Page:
Tomorrow I will fold over the loop and get the welt in place, maybe even get it ready for stitching. I have about an hour into it tonight, maybe a bit more and about 20 minutes into it yesterday. When I put 15 hours into a knife, I want the sheath to look good also. The nice thing about sheath making, is that I dont have to get into my old work clothes and can even stay in the nice warm house and watch TV at the same time. Even though, at first, I hated making sheaths, I now rather enjoy it.
     
  7. TCurry

    TCurry

    271
    Dec 29, 2010
    Very nice Matt!!
     
  8. Dezmond

    Dezmond

    80
    Jun 5, 2009
    Love these how to's. Learned a lot already from this.. :) Thanks Matt!!
     
  9. defaultuser

    defaultuser

    May 3, 2006
    Subscribed. Thank you very much for doing this WIP - I learned a lot already!
     
  10. Mykel

    Mykel

    132
    Mar 21, 2011
    Matt thanks for the clas ,just what Ive been looking for. Loved the doggy and kitty.
     
  11. Mitchell Knives

    Mitchell Knives Knifemaker Moderator

    May 21, 2000
    Outstanding work so far!

    I may have to try making a leather sheath after this!
     
  12. Bailey Knives

    Bailey Knives

    Oct 18, 2004
    Thanks everyone, I forgot to mention that I used the time after dying the edges to mark the little groove around the opening. It is not cut in with a groover, instead it is just put in with an edger... at least I think that is what it is called. It looks like two little leaves next to each other. You run one over the edge of the leather and the other pushes a groove in the leather. It doesnt cut, it presses. I also use that time to smooth the leather of the opening. I bought a round edger a while ago. It is like a piece of nylon, about 1 and a half inches in diameter that I use to smooth out the edges of the leather in what will be the opening of the sheath.

    Thanks for the comments everyone. I hope this is helpful to someone. Please dont think that this is the only way to do things, or even that it is the best way. It is the way I do things at this point. Things may change as time goes on and eventually I may change how I make things.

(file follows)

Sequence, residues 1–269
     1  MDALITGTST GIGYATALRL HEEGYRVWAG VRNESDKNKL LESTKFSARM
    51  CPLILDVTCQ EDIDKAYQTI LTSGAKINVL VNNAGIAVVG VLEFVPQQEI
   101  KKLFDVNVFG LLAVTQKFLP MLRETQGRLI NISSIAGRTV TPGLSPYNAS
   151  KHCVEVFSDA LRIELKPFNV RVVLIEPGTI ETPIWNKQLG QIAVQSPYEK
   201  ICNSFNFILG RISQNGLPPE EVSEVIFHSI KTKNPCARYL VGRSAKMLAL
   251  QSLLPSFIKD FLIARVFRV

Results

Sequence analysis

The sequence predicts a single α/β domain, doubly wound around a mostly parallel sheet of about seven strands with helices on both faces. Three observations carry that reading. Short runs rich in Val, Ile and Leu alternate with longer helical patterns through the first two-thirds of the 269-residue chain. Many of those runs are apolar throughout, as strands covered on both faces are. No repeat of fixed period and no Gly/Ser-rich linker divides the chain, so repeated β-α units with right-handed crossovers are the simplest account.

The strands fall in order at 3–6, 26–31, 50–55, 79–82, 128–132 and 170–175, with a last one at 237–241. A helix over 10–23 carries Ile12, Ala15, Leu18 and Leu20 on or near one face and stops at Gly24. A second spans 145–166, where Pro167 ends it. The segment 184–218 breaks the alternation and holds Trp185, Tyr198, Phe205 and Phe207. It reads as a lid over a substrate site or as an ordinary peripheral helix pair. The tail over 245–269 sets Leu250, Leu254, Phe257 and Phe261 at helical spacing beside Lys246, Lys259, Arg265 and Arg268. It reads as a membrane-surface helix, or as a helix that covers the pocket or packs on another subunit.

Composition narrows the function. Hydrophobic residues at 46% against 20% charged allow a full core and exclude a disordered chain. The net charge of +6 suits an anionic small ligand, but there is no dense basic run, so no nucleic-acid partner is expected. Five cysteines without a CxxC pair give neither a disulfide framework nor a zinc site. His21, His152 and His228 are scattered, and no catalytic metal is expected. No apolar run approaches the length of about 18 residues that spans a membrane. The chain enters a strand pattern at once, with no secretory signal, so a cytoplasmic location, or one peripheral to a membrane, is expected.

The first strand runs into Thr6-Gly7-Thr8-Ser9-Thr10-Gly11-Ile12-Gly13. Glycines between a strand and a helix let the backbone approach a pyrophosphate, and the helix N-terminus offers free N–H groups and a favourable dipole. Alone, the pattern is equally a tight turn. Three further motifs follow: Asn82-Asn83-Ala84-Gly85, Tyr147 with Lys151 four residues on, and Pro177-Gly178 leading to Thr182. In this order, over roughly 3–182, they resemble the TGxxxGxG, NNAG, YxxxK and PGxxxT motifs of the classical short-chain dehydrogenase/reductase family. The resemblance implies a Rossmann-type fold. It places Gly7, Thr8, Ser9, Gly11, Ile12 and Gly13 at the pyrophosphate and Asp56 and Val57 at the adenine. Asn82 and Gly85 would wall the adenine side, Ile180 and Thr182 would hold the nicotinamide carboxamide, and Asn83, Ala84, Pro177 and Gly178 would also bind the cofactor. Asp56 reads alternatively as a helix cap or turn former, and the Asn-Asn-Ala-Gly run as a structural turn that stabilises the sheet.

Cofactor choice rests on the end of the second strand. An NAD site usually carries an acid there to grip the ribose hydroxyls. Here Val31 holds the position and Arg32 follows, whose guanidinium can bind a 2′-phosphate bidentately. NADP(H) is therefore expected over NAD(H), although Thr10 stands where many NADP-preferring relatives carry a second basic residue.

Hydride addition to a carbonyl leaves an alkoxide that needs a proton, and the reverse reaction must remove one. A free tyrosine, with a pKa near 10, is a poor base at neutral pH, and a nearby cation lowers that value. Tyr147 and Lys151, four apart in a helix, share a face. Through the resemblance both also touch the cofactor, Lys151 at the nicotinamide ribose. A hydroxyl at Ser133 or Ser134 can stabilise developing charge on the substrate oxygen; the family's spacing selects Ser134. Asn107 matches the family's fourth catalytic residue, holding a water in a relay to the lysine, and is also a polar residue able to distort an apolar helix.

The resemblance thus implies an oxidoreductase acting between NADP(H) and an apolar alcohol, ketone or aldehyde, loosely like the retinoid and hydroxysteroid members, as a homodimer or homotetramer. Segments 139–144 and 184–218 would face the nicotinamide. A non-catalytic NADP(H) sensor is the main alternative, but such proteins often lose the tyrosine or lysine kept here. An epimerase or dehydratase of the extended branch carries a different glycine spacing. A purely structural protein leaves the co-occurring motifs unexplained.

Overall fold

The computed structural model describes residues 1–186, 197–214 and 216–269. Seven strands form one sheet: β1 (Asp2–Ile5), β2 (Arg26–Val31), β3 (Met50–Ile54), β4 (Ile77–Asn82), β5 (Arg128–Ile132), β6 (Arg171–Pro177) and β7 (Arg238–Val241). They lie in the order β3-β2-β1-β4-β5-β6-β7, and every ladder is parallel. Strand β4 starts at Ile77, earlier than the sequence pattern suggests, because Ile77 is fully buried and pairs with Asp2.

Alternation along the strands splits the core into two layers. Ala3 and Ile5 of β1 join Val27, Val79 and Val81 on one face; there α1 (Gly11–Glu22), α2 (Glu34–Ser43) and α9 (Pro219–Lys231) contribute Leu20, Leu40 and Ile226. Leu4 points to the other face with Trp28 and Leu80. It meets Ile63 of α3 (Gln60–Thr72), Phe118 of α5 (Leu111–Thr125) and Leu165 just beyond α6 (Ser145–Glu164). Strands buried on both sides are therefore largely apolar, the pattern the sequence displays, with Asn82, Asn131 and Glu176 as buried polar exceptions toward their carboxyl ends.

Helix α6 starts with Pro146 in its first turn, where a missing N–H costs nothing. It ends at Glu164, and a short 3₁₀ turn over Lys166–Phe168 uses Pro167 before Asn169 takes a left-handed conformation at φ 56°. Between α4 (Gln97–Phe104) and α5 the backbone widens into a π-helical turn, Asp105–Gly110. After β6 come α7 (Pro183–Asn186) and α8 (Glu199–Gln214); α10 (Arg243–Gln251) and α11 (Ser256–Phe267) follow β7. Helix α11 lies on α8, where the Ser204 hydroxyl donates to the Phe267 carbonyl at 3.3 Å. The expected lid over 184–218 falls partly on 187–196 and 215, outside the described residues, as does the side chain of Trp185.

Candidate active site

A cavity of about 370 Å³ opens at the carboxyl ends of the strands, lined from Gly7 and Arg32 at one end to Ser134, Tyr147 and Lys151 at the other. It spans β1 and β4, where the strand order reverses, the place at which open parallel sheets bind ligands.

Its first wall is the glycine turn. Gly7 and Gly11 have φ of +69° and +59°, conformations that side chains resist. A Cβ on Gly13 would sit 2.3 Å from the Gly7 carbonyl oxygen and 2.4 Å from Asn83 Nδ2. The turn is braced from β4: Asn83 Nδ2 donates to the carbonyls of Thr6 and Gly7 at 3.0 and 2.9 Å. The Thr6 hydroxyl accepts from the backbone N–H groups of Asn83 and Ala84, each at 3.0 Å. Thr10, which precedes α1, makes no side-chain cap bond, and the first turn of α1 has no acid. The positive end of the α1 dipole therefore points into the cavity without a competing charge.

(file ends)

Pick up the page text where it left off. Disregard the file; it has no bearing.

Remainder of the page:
On a side note, I have a lot of kydex, and I have not made a kydex sheath for quite some time. I think leather is much more attractive, and if treated correctly, is nearly as durable. Frankly, nothing against kydex, but if I have a sheath that performs well, and a sheath that performs well and looks great, I will buy the good looking one. I am guessing I am not alone on that. On the other hand, I can make a kydex sheath in a half an hour, and I can barely get the pattern cut out and cleaned up on a leather sheath in that time.
     
  13. rwn2000

    rwn2000

    713
    Jan 6, 2003
    food dehydrator to dry sheaths? Does your jerky taste like leather or does your sheaths smell like jerky? Just kidding, LOL. That is an excellent idea, it beats laying the leather over an AC vent overnight to dry out. I'll have to dig out my dehydrator and try this.

    randy
     
  14. Bailey Knives

    Bailey Knives

    Oct 18, 2004
    Actually, I bought the dehydrator specifically to dry leather, but I would love to make some jerky... I love that stuff. I wish I could live on jerky and some Sam Adams.
     
  15. 308sniper

    308sniper

    808
    Jan 6, 2007
    Very Nice, Thanks for posting
     
  16. Mudbug007

    Mudbug007

    Nov 29, 2010
    Great stuff Matt! Learned a few things tonight that I didn't see in Paul's video's.

    Looking forward to seeing more.
     
  17. Mike Turner

    Mike Turner

    Dec 8, 2005
    Nice WIP Matt thanks for taking the time to put this up.
     
  18. Wulf

    Wulf

    May 10, 2000
    This is outstanding - thanks Matt.

    By the way isn't it great when your kid comes and joins you for arts & crafts time? This past spring while I was working on a leather sheath my girls wanted to get involved too - they loved the tooling stamps - and the next thing I knew we were all wearing our own handmade leather bracelets, complete with decorative tooling and little metal snaps.
     
  19. rwn2000

    rwn2000

    713
    Jan 6, 2003
    My heart doctor keeps preaching "low sodium, low fat, more chicken" so my dehydrator is sitting idle for the most part. Of course what happens on my once a year fishing trip is 100% off the record, lol.
     
  20. GrizzlyBear

    GrizzlyBear

    Dec 5, 2009
    Anxiously waiting the rest of this How-To. You should post a copy of this in the Sheaths & Such forum.

    Great job so far!